Perhaps this is cheating, but I am starting this post before I have finished the book. Somehow, I don’t think I will miss anything. The Book of Fate is Brad Meltzer’s attempt to ride on the coattails of such stellar films as the National Treasure series (in the interest of full disclosure, I have seen and will admit to enjoying somewhat the first NT film).
One fateful (ha ha ha) day, presidential aide Wes Holloway is in the wrong place at the wrong time as a lunatic attempts to assassinate his boss, the president. Though Wes’ face is devastated by a bullet, it appears that the only casualty is the president’s deputy Chief of Staff and close friend Ron Boyle. Imagine Wes’ surprise 8 years later when it appears that Boyle is in fact alive. And all of a sudden, shady FBI-types are after him. Wes soon discovers the existence of The Three and the Roman, more shady types who appear to be behind Boyle’s faked death. But what is their role? What do they want? And best of all, the lunatic behind the assassination attempt escapes from his mental hospital with plans to target Wes, whom he believes is an apprentice of The Beast. Yes, Satan. THAT Beast. Is there a Freemason plot going all the way back to that ol’ rascal TJ (Thomas Jefferson) and majestic GW (George Washington)? Is the former president involved? And can Wes trust his friends? All these burning questions will be answered in The Book of Fate.
Oy vey. I picked up this book because I like a good thriller as much as the next person. But I like a well-plotted thriller most of all! I think the Publisher’s Weekly Review said it best when it wrote, “…readers looking for efficient plotting may be disappointed.” Indeed. First of all, what kind of moron is Wes? How can a man in his early 30s who has worked so close to so much power (he is still working for the former president 8 years after the fact) be so naive? Granted, Meltzer is probably trying to illustrate how the president has become a father figure to Wes and that he is utterly BETRAYED by what he learns, but it comes off as an unbelievable tendency to trust. There’s a lot going on in the book, and it’s a bit confusing because the point of view shifts from character to character with each chapter. It appears that the FreeMason plot may be only a red herring to reel in the insane assassin, Nico, which is actually kind of disappointing to me because as I’ve pointed out before, I like a good conspiracy theory. Perhaps most damning, all the characters are one-dimensional. ALL of them. Even freakin’ Wes, the biggest, most gullible fool in the world. Really, I’m amazed he can tie his shoes, drive a car or feed himself.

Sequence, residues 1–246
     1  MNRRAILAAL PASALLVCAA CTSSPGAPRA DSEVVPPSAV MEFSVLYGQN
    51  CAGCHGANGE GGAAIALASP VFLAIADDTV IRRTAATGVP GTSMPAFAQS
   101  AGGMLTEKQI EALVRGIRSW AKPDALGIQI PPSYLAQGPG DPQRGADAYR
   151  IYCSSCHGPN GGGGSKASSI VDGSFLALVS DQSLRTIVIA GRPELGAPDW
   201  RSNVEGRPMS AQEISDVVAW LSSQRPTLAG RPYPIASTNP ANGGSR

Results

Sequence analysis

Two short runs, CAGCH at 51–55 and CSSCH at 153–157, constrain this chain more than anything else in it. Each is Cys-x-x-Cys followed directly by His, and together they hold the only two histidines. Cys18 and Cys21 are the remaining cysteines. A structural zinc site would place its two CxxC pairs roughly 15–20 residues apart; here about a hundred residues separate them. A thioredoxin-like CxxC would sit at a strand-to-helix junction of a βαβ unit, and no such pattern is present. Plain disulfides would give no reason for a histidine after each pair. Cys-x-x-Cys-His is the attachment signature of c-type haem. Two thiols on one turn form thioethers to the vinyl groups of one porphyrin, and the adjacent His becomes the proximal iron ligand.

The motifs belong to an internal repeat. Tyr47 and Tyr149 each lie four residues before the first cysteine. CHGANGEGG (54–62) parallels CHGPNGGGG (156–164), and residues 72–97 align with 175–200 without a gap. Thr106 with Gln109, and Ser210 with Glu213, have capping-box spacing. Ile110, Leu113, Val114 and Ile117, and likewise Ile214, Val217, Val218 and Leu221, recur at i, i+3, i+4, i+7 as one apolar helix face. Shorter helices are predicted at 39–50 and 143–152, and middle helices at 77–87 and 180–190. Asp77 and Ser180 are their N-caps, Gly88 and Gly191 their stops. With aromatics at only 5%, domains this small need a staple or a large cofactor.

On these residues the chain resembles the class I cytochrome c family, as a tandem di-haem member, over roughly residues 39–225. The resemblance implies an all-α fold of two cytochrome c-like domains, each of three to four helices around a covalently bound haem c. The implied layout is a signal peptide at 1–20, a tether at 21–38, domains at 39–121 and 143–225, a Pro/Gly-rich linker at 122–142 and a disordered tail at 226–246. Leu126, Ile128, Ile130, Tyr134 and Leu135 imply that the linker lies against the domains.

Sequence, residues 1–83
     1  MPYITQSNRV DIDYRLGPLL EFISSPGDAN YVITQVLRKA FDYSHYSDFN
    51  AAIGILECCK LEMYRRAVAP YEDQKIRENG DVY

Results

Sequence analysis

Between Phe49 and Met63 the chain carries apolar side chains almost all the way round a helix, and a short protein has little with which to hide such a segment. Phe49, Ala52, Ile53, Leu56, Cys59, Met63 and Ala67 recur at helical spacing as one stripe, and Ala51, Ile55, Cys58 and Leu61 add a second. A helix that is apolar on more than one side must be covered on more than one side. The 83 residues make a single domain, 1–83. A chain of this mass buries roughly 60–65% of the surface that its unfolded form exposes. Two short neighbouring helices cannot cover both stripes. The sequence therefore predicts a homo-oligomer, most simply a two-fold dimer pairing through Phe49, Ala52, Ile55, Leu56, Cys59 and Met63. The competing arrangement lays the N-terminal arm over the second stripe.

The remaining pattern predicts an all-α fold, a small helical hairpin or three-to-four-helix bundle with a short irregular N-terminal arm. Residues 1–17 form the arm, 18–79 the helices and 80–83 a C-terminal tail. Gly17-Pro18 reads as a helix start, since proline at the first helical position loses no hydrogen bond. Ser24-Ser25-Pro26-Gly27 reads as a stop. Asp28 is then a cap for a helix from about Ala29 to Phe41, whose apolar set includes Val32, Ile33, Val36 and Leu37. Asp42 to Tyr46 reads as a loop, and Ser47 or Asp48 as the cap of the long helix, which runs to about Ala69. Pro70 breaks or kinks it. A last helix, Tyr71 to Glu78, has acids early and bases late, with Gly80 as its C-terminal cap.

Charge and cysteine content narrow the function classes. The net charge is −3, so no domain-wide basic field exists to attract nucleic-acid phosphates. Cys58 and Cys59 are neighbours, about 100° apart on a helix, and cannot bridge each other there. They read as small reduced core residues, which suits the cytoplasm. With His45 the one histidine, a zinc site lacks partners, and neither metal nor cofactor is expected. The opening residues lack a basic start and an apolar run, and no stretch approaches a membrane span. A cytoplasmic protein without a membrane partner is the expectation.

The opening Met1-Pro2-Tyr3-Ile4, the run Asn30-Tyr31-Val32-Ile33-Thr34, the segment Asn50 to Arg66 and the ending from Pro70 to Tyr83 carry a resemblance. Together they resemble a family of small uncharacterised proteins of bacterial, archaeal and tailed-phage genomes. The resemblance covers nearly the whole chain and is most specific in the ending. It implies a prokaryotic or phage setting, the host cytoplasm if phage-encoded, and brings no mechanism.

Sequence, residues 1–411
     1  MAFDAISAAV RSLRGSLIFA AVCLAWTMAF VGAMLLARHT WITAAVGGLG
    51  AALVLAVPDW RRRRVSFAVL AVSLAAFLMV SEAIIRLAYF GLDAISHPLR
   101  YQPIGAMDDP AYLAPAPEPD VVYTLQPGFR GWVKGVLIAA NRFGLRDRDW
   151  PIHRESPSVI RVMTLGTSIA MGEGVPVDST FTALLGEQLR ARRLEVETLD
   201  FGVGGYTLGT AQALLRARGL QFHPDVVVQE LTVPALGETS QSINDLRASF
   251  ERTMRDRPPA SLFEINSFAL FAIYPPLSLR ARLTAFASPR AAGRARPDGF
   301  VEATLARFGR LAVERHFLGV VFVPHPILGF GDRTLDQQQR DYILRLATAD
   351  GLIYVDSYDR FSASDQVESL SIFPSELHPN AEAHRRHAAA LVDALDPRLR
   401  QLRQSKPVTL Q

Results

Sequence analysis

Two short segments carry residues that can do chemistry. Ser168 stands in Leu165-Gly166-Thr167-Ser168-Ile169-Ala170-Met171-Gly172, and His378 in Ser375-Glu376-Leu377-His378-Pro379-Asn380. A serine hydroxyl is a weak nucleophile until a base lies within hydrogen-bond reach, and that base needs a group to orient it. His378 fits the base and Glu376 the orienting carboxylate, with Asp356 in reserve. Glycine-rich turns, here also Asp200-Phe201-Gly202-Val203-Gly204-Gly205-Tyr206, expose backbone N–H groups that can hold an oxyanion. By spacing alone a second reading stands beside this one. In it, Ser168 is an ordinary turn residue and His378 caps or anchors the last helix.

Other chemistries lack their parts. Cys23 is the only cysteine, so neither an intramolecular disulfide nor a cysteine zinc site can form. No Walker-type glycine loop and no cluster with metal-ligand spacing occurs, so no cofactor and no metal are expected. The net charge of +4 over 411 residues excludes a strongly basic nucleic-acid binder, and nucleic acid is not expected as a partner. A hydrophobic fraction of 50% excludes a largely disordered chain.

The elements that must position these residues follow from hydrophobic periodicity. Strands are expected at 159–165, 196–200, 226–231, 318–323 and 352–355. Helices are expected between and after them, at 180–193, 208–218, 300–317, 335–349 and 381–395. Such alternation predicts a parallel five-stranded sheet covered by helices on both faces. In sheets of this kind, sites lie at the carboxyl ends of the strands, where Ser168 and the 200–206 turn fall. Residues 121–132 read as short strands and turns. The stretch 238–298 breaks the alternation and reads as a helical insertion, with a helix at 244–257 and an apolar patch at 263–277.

What I did like and what Meltzer got right was the details about the presidency and its inner workings. The best parts of the book are when he details how it feels to be an ex-president. It’s actually very poignant, and it makes you feel for these men who must resume a somewhat normal life after years in the most powerful position in the world.
I hesitate to recommend this as even a “beach read.” Instead, pick up old John Grisham. I kept thinking how much more interesting this book would have been if it were The Pelican Brief or even had half its snap.